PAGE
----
As buzz builds around the highly anticipated novel-turned-film “Me Before You,” mixed reviews are starting to generate in regards to its depiction of people with disabilities.

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The film, an adaptation of Jojo Moyes’ novel of the same name, follows the lives of Louisa Clark (Emilia Clarke) — a recently unemployed woman — and Will Traynor (Sam Claflin), a wealthy man who became a quadroplegic two years before. The story begins when the two connect and Clarke becomes Claflin’s caregiver.

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As a result of his disability, Traynor contemplates suicide, a topic not taken lightly when it comes to those with physical disabilities.

For instance, Emily Ladau, a self-proclaimed “physically disabled woman who uses a wheelchair and believes all lives have value,”; writes, “The entire premise rests on the belief that life with a disability is not worth living… In spite of each of the characters in Will’s life trying to persuade him otherwise, the fact remains that Moyes imagines a world in which disability is synonymous with misery and assisted suicide is the only solution.”;

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On the other hand, “Me Before You” generated positive feedback from other disability activists. Moyes explained: “The Christopher Reeve Foundation reached out to me and has been extremely supportive of Me Before You.”;

The film’s director, Thea Sharrock, has responded to the criticism, telling The Hollywood Reporter that she didn’t expect the backlash.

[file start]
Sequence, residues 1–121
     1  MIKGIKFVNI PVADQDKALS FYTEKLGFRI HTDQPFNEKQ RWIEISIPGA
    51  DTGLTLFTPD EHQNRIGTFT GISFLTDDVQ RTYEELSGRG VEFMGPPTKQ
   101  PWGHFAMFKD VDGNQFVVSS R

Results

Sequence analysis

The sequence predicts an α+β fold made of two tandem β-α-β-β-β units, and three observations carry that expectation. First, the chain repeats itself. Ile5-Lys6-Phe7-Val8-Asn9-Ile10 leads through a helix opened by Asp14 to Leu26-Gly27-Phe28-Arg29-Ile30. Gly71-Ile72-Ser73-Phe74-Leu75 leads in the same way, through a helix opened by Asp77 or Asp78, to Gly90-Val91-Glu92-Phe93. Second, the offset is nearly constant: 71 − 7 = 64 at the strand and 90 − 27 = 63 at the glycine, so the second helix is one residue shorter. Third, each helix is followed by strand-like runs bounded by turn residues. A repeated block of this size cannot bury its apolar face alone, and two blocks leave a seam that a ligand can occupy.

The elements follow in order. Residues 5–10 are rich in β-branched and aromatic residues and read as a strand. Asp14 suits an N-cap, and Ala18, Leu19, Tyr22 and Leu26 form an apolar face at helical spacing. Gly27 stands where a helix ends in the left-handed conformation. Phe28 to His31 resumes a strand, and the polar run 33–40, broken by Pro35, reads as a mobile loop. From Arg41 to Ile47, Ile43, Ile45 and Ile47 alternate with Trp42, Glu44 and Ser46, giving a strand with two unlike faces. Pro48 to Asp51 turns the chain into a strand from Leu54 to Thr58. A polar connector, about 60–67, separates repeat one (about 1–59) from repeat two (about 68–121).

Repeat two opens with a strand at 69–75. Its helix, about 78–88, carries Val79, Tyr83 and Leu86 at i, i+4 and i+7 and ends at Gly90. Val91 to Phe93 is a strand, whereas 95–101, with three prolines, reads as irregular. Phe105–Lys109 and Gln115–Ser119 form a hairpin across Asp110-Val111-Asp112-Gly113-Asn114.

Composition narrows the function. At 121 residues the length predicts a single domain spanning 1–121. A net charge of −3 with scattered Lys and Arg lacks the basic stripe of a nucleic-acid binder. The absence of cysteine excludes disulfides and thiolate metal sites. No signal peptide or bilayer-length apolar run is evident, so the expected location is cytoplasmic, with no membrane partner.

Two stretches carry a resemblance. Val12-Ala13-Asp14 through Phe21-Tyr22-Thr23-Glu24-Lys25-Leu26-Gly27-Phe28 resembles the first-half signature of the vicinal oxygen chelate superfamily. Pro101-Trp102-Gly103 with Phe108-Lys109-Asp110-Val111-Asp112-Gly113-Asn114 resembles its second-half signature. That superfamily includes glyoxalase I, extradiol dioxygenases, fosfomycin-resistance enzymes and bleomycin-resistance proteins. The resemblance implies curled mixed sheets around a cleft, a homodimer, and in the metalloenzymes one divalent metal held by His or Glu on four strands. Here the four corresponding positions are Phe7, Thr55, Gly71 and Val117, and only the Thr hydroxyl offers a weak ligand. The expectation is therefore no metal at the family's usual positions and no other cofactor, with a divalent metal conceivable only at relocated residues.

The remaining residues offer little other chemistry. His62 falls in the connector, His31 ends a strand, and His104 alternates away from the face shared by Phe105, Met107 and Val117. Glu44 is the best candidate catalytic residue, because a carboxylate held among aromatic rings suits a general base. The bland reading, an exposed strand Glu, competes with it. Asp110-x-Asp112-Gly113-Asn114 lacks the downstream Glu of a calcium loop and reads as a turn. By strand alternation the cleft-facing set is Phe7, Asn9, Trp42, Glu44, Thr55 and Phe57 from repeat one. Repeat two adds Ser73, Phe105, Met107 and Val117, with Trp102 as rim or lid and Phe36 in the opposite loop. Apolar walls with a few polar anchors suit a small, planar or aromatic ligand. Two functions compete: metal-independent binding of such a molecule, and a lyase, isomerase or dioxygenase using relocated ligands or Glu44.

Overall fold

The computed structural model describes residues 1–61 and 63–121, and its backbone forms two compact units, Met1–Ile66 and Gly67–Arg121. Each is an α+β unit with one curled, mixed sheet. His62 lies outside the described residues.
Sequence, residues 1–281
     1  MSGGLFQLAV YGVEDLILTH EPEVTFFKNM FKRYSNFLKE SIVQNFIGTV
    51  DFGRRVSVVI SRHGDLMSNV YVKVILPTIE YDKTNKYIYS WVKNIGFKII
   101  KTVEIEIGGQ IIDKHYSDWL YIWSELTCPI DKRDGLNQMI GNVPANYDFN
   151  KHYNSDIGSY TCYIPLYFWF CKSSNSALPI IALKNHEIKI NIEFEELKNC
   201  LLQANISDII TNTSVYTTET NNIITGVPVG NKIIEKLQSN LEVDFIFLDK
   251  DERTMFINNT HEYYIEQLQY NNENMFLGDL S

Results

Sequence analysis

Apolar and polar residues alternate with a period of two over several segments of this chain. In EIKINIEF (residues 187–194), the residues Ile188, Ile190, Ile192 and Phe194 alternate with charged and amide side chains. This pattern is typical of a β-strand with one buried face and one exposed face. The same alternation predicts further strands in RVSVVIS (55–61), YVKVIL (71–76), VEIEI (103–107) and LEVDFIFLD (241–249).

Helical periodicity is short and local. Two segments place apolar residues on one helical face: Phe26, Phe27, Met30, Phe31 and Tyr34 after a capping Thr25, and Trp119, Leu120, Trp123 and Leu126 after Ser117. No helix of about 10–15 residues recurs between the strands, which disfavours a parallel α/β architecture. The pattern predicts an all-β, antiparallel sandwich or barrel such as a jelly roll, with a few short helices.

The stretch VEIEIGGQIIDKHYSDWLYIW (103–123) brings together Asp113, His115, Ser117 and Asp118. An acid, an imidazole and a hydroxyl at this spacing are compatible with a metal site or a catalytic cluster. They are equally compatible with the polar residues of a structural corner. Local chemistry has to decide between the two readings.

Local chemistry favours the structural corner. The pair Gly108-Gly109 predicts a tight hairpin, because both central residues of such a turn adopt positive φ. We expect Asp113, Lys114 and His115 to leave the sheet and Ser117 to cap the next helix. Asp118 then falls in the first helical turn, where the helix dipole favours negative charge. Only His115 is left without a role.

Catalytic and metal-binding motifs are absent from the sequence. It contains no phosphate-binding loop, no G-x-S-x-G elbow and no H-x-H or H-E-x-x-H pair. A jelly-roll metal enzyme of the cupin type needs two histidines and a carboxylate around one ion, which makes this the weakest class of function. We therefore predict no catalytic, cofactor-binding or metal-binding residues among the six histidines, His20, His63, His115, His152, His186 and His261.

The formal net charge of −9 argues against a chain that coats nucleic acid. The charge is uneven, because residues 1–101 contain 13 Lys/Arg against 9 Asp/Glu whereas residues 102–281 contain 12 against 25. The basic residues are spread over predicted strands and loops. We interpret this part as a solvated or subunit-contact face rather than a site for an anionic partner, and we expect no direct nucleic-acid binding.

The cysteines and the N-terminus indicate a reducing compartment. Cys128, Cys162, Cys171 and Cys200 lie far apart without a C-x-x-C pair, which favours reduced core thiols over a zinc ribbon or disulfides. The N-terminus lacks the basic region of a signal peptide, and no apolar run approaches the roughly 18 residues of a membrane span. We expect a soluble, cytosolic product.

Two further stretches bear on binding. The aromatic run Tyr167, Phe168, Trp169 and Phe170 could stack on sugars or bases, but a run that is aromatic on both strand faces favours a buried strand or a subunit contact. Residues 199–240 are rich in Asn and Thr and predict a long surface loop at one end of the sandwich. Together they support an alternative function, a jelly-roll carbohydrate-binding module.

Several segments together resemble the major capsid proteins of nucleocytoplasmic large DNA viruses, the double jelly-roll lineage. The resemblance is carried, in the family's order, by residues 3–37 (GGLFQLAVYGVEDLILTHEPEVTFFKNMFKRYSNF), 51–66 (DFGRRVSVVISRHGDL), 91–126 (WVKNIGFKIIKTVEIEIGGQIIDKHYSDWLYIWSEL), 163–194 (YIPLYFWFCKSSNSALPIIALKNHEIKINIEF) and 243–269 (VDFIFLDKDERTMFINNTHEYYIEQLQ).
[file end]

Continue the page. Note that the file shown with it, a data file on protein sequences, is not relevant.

“I didn’t quite anticipate this,”; Sharrock tells THR. “The disappointing thing is when people make a protest when they haven’t either read the book or seen the film. I have no problem with people seeing this film and not liking it for 101 different reasons; you go into every project with that as a possibility. I understood going into it how vulnerable a topic it is and susceptible to very strong opinions. It has big themes in it that are very easy to make quick judgments on.”;

The problem, she believes, is that those who criticize the film have “a fundamental misunderstanding of what the message is. I was attracted to this because I love the almost traditional love story that lies behind it. It reminds me of films that I don’t think have been made for a while that used to be made quite a lot. And I love the bravery of the studios wanting to produce such a film. It’s a fictional story about how important the right to choose is. The message of the film is to live boldly, push yourself, don’t settle.”;